When we first checked the lifetime figures they didn’t make sense. After a little investigation we realised that the client had been using the other biller for more than 6 months before the test started. On the first day of the test they had subscriptions in the dataset that were over 6 months old! Clearly revenue from sales made before the start of the A/B split test had to be excluded from the data.

Solution: Only measure sales that originate after the start date

We set a new ‘start date’ for the other biller to match the start of the A/B split test so we could compare figures correctly. Only revenue from initial sales created after the start of the test could be included. The lifetime value numbers fell inline. Phew!

#8: Poor reporting.

While talking to another of our clients we asked him how he compared billers.  He said, “I just look at my bank statement, and whoever makes me more money is the one I tell my tech guy to send more traffic to.”

Some clients don’t even take traffic volume differences into account, don’t look at rebills and don’t measure lifetime value. Why is this? Are they completely ignorant? Nope. They are running successful businesses after all. The reason for bad comparisons is that they lack good reporting tools.

It’s hard to access good data from multiple sources and put it in a format that helps you make a smart business decision.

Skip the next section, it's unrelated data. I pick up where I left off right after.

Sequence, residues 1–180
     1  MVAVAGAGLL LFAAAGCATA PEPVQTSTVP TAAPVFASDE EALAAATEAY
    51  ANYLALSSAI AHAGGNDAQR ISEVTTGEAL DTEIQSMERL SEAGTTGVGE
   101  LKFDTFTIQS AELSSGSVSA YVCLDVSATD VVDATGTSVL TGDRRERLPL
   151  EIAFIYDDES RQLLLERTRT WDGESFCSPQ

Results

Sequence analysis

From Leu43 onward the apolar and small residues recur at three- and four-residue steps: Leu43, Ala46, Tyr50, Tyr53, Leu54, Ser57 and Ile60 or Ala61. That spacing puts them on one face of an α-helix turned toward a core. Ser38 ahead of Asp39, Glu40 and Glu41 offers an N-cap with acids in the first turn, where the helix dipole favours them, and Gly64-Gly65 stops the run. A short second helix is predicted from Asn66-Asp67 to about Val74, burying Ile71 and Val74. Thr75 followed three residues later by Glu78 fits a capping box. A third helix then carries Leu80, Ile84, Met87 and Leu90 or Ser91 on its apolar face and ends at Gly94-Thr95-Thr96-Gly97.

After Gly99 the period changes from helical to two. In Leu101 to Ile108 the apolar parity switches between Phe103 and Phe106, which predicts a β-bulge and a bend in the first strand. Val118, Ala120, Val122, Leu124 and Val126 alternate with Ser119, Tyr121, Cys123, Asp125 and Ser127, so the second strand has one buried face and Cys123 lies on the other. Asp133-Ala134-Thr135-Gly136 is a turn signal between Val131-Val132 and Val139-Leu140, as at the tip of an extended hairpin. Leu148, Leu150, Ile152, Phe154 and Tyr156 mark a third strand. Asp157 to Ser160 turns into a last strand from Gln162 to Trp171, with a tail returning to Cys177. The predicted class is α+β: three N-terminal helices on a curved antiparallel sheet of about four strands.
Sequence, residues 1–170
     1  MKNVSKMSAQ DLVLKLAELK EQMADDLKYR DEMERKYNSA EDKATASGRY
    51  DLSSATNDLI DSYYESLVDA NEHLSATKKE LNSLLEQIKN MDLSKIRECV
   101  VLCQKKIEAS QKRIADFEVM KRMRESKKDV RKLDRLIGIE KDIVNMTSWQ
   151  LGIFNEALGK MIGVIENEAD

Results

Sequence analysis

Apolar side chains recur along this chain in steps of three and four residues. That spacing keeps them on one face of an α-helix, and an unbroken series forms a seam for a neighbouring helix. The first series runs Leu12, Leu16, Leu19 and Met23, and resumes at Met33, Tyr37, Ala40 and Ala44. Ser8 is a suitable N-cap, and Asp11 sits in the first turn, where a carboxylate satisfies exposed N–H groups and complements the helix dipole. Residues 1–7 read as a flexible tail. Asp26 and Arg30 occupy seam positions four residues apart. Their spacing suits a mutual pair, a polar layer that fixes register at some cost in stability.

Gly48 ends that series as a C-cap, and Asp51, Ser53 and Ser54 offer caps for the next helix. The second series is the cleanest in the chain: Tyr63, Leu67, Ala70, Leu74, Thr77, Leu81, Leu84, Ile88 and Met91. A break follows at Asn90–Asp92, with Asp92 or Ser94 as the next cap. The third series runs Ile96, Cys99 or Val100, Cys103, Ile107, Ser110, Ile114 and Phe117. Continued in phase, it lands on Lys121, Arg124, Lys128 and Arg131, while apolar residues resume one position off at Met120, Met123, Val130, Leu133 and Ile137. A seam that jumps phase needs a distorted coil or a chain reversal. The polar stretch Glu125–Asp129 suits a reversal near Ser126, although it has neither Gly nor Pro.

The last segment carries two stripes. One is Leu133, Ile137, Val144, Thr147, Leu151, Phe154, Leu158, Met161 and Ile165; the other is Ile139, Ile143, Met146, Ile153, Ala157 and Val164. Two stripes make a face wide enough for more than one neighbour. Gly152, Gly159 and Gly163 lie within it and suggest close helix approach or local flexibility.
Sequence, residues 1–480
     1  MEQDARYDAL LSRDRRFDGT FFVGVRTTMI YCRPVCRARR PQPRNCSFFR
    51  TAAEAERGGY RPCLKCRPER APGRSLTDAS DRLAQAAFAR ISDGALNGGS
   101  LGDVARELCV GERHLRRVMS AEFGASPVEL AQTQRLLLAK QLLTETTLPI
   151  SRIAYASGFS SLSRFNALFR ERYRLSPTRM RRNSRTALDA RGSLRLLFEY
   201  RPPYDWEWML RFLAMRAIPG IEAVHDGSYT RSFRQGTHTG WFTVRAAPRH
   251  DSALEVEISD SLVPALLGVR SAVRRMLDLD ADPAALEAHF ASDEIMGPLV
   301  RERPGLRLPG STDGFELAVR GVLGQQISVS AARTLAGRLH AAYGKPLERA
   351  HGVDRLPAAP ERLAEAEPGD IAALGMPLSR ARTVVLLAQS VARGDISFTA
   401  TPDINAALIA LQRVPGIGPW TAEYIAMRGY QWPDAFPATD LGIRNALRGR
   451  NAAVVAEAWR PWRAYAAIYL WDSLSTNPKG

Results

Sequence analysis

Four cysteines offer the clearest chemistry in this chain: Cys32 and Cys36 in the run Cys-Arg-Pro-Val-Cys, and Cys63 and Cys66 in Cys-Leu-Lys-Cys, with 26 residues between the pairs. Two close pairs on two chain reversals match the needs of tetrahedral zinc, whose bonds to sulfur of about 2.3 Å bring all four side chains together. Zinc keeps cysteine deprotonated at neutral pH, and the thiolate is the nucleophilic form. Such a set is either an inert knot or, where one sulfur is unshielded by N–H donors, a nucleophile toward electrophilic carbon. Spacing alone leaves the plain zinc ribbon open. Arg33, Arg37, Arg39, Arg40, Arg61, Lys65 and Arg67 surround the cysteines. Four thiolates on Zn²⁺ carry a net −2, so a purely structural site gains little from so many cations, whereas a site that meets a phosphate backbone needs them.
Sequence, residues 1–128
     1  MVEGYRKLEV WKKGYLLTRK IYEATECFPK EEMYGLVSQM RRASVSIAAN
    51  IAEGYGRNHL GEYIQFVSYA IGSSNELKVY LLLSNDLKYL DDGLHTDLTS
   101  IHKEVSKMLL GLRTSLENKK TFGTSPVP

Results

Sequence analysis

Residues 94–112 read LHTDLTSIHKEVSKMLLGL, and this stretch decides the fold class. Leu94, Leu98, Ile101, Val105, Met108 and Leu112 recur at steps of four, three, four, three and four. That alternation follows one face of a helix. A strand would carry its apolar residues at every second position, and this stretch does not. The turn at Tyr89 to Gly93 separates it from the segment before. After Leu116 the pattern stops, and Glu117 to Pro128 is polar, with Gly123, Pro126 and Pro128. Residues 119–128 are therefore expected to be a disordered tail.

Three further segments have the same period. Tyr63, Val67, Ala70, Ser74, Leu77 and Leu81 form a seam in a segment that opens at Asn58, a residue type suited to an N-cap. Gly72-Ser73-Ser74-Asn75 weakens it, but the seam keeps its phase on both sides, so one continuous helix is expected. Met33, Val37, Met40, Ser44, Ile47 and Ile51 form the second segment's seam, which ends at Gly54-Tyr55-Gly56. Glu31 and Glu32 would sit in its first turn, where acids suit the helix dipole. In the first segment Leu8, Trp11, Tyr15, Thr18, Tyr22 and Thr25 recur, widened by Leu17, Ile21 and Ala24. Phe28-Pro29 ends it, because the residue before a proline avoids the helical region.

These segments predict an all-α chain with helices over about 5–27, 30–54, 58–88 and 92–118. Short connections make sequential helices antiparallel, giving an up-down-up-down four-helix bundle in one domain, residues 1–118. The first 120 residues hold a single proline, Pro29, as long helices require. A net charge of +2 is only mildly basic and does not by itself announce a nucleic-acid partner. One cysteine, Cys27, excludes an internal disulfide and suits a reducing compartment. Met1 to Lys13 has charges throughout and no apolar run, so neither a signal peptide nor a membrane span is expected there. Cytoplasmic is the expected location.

Solution: Build good reports.

The first part of this story was about accessing the data. The next part is about helping our client’s become confident in the results so that they can take good business decisions.

Here at Vendo we have a multitude of tools to track information and display it. One of our favourite Business Intelligence tools is Qlikview.

Building a report where we could follow the results on a daily basis and see our performance was key. We also started experimenting with Qlik Sense, which allowed us to quickly update the data and review performance on a daily basis.

Vendo’s data is in blue, the other biller is in grey. The comparison is in green if it’s positive (red if it’s negative).

Here you can see net revenue per day and cumulative net revenue (after deductions and fees). Net revenue tells the client: “If I send traffic to this biller I make X and if I send it to that biller I make Y.”

Note: The actual figures have been blurred out for confidentiality reasons.

Screen Shot 2016-02-15 at 10.19.13

It’s important that the client can verify this data. We made the per transaction data for each biller available for verification.

#9: Understanding why one biller outperforms another.

Unfortunately, this can never be answered clearly. Each biller takes thousands of different decisions about how they run their business. Those decisions affect conversion ratios, lifetime values, upgrade ratios, acceptance ratios, rebill ratios, etc. All these things can add up to make big differences between one biller to another.